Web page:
One challenge has been separating the effects of breathing from other aspects of these practices, says Helen Lavretsky, a psychiatrist at UCLA. “It’s really hard to distinguish what’s most effective when you’re doing this multicomponent intervention where there’s stretching and movement and visualization and chanting,” she says. Not to mention the cultural and spiritual components many people attach to the practice.

For many years, Lavretsky has collaborated with neuroscientists and others to investigate how different types of meditation affect the brain and biological markers of stress and immune function. She has found, among other things, that meditation can improve performance on lab tests of memory and alter brain connectivity in older people with mild cognitive impairment, a potential precursor to Alzheimer’s disease and other types of dementia. In more recent studies, which have yet to be published, she’s moved toward investigating whether the breath control methods alone can help.

“Even though I’m a psychiatrist, my research is on how to avoid [prescribing] drugs,” says Lavretsky, who is also a certified yoga instructor. She thinks breathing exercises might be a good alternative for many people, especially with more research on which breathing techniques work best for which conditions and how they might be tailored to individuals. “We all have this tool, we just have to learn how to use it,” she says.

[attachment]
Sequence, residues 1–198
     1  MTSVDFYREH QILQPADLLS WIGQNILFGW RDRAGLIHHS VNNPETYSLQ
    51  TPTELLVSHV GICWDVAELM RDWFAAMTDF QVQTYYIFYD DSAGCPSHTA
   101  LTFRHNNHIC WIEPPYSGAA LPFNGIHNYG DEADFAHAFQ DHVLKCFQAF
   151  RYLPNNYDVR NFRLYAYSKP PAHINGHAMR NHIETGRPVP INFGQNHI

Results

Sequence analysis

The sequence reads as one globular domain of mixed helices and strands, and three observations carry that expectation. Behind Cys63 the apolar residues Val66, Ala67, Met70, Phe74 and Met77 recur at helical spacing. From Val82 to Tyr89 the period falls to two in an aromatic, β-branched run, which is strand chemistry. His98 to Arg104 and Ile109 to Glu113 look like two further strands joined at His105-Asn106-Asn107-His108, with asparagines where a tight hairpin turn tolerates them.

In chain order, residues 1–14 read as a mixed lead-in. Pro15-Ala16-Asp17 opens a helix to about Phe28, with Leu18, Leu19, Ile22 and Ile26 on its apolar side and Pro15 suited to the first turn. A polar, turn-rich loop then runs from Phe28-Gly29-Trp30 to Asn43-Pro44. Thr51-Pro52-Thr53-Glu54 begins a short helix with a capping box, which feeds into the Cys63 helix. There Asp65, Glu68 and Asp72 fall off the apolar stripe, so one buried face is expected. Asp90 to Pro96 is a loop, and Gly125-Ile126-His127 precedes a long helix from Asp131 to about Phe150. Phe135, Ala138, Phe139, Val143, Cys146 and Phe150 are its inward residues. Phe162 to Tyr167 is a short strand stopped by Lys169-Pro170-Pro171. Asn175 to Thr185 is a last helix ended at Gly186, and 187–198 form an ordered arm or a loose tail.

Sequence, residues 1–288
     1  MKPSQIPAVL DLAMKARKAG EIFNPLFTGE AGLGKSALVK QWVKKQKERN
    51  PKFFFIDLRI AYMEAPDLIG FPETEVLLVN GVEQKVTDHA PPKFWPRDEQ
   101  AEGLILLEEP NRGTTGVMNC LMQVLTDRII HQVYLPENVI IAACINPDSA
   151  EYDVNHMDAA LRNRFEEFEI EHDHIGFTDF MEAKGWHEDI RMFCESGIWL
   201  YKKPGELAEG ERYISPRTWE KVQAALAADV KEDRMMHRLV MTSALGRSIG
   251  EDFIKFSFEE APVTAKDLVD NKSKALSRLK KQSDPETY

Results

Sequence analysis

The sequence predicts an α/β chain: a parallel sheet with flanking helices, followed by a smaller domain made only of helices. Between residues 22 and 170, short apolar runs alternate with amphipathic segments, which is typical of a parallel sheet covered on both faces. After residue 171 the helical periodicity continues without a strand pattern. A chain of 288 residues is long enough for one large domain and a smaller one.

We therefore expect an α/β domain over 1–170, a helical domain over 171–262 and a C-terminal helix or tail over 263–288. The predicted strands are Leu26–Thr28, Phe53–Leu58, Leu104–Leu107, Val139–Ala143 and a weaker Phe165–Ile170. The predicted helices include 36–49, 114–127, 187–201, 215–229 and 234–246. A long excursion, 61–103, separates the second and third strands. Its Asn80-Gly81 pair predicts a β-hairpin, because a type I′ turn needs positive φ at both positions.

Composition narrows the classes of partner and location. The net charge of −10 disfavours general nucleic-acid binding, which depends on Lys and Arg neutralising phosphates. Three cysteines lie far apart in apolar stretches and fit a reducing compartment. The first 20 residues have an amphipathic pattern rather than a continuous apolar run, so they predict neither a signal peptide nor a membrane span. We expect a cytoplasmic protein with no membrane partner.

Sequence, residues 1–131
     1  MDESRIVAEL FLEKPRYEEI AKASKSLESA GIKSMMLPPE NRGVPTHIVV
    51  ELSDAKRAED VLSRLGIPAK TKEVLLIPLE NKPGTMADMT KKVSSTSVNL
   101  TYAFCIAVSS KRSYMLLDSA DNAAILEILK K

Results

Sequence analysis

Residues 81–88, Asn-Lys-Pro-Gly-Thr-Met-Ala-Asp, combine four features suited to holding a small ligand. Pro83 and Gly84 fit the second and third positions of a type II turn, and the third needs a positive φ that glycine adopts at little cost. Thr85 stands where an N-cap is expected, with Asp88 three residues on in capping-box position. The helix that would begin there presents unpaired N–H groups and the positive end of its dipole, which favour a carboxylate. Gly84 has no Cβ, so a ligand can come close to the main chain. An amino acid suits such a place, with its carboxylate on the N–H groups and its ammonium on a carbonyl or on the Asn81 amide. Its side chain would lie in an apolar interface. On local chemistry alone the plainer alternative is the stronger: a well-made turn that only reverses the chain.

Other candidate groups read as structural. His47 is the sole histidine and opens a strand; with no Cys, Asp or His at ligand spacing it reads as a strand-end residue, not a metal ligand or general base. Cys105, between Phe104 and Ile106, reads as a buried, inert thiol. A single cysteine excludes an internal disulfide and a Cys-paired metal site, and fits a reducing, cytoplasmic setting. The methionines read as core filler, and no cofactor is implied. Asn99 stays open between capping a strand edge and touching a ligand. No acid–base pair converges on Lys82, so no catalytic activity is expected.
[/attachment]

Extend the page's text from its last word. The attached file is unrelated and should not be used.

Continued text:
Source: What happens in your brain when you breathe?

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Hydrogel Injected Into Fat Stores Fights Obesity From Within

Next-generation therapies that fight obesity could come in many forms, but one example from Nanyang Technological University that uses a unique combination of light and metabolic function to break down fat has some unique advantages.

The team’s solution consists of a hydrogel that can be injected into fat deposits and subjected to near-infrared light, with obese mice showing up to a 54-percent fat reduction following treatment.

The function of this new technology hinges on a protein called TRPV1, which plays an important role in our metabolism. This protein can trigger the conversion of white fat, the type that stores excess calories in beer bellies and love handles, into brown fat.